For the past few weeks, I have been absorbed in the translation of children’s literature. Before looking into this area of translation, I wouldn’t necessarily have expected it to be easy to translate children’s literature, as any literary text will pose its own particular set of problems, but I certainly hadn’t expected it to be one of the most challenging and complicated areas of translation.
First of all, defining what does and doesn’t constitute children’s literature is problematic; should we define it as literature that has been written for children? Or as works of literature that children choose to read for themselves? What is a child? Can we come to a complete definition of a child, and therefore firmly conclude what children’s requirements are with regards to literature? Furthermore, when we translate cross-culturally, what may be considered appropriate for children in one culture may not be considered appropriate for children in another, how can translators deal with such instances, while avoiding the manipulation of their readers?
I have been working on a translation of The Blue Cup by Arkady Gaidar, a children’s story written in Soviet Russia. Many aspects of the text have been heavily influenced by the Socialist Realist doctrine of the time; it presents the reader with idealisations of work, industrialization, the Russian countryside and of the Red Army, for example, and some could consider such a text unworthy of translation into English for Western children, as the underlying ideology of such a text is not fully convergent with the ideology of Western culture, and may therefore be considered harmful and manipulative.
However, what prompted me to translate this particular text is its fragmentary nature; despite being heavily influenced by the ideology of its time, this text is predominantly subversive and, I would therefore argue, valuable for children. The Blue Cup is a story about a Russian family (a mother, father and daughter) on holiday at a cabin in the countryside. The mother takes to nagging the father and daughter (Svetlana) about all kinds of chores, not allowing them to play and enjoy themselves whilst on holiday. The final straw comes when she accuses them of breaking her blue cup and in an act of defiance they decide to leave for an adventure across the Russian countryside. It is through Svetlana and her father’s close relationship that this text comes to be subversive, as the father introduces Svetlana to the emotional complexities of the adult world; through allowing his daughter to come into contact with a variety of people and discussing issues such as war and anti-Semitism, and by confiding in her his doubts with regards to the mother’s love for him. Furthermore, and most importantly, in their defiance of the mother, the father teaches Svetlana to challenge over-bearing authority. In these instances I therefore paid particular attention to the nuances of the language used by Svetlana and her father when addressing each other.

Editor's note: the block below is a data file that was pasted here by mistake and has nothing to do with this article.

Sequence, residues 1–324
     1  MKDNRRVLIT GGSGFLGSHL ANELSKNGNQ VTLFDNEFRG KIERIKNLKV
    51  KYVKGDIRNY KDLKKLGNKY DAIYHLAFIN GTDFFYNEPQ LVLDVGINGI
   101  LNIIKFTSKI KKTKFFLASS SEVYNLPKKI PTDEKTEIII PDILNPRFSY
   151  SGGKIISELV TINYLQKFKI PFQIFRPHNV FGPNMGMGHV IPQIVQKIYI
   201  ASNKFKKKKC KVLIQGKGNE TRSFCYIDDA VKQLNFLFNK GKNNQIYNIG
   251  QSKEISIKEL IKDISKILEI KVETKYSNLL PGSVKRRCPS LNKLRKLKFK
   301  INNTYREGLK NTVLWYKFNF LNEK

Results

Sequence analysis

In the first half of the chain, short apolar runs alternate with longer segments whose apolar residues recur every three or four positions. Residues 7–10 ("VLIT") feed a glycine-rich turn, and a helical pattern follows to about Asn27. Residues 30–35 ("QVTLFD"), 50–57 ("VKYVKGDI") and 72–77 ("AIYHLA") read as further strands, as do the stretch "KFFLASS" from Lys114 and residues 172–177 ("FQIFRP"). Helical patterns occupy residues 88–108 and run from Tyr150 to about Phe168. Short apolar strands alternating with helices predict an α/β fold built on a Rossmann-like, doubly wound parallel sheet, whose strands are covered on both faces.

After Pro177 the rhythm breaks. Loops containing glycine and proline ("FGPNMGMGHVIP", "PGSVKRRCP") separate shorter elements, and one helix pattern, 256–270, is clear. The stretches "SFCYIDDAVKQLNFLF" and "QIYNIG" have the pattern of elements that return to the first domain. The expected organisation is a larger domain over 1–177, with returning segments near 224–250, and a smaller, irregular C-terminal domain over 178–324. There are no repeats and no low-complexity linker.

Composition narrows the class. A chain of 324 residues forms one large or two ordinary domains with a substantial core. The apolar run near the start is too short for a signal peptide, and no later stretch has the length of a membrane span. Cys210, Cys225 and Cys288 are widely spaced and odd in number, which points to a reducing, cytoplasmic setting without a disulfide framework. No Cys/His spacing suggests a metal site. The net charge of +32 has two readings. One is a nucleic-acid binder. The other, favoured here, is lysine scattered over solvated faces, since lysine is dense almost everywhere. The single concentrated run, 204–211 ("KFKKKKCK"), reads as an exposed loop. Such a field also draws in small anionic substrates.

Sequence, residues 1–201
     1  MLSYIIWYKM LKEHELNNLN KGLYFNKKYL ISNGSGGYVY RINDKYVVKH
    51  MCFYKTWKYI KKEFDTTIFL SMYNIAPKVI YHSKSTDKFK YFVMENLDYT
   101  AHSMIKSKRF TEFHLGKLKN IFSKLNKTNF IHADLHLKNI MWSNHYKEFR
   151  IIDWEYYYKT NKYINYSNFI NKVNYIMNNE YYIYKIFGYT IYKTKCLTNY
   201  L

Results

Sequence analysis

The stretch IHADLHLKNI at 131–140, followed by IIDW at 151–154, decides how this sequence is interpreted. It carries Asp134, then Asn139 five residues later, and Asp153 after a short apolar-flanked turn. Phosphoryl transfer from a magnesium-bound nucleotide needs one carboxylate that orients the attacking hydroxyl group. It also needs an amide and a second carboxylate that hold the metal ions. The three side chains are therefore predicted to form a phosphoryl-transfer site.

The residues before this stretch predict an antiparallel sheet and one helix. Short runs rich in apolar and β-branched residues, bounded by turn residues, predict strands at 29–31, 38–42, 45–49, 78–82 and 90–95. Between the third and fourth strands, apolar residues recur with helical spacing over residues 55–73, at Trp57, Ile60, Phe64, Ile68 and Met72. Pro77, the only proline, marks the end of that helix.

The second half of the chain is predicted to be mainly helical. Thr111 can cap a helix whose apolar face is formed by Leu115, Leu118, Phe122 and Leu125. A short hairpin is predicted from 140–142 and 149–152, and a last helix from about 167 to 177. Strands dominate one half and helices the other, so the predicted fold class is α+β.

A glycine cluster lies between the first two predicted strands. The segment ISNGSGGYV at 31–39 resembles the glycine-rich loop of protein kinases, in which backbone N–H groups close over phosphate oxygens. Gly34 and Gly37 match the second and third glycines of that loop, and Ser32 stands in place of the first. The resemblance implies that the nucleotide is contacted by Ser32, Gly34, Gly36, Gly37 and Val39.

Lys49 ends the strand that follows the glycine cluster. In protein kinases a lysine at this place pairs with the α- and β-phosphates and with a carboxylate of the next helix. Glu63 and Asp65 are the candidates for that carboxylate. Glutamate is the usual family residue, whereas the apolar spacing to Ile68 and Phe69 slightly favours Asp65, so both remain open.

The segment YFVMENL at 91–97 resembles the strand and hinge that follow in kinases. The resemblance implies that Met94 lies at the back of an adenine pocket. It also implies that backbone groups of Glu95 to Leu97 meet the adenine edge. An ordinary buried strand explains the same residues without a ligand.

It was extremely difficult to decide how to deal with aspects of the text that were conventional for its time, as children would not be aware of the socio-historical context and could consequently be open to manipulation; I had therefore considered changing or even removing some aspects of the text. However, I have come to the conclusion that it would be short-sighted to alter or remove these aspects. Precisely because Western children will lack the socio-historical context that would allow these images to be understood as part of a certain ideology, these idealisations will be no more harmful than the idealisations of work and the British countryside in children’s stories such as Thomas the Tank Engine or Postman Pat. Furthermore the underlying ideology will not be consistently supported by surrounding discourse; and therefore these depictions will do little more than allow children to come into contact with ‘the foreign’, displacing them for a short time from their own culture. I have come to believe that translating a variety of children’s literature is therefore necessary and vital to encourage a multiplicity of world views within children, and not to simply limit them to the confines of their own.
Hannah Collins studied Russian and French at the University of Nottingham. She works as a freelance translator and is currently studying on the Literary Translation MA at the UEA. Her email address is Hannah.Collins@uea.ac.uk.